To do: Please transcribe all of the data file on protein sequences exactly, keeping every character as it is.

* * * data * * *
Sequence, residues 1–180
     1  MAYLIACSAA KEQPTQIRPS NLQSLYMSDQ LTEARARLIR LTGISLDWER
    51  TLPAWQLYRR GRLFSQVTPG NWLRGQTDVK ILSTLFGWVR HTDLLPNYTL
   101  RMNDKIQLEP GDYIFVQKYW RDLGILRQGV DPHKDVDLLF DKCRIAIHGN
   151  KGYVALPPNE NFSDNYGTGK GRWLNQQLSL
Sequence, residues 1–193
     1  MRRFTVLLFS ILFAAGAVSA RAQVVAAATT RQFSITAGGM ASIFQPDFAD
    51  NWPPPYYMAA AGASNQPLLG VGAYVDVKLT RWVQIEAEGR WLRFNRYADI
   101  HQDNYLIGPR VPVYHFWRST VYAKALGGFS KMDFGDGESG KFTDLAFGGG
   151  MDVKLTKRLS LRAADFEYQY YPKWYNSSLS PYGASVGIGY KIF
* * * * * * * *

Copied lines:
Sequence, residues 1–180
     1  MAYLIACSAA KEQPTQIRPS NLQSLYMSDQ LTEARARLIR LTGISLDWER
    51  TLPAWQLYRR GRLFSQVTPG NWLRGQTDVK ILSTLFGWVR HTDLLPNYTL
   101  RMNDKIQLEP GDYIFVQKYW RDLGILRQGV DPHKDVDLLF DKCRIAIHGN
   151  KGYVALPPNE NFSDNYGTGK GRWLNQQLSL
Sequence, residues 1–193
     1  MRRFTVLLFS ILFAAGAVSA RAQVVAAATT RQFSITAGGM ASIFQPDFAD
    51  NWPPPYYMAA AGASNQPLLG VGAYVDVKLT RWVQIEAEGR WLRFNRYADI
   101  HQDNYLIGPR VPVYHFWRST VYAKALGGFS KMDFGDGESG KFTDLAFGGG
   151  MDVKLTKRLS LRAADFEYQY YPKWYNSSLS PYGASVGIGY KIF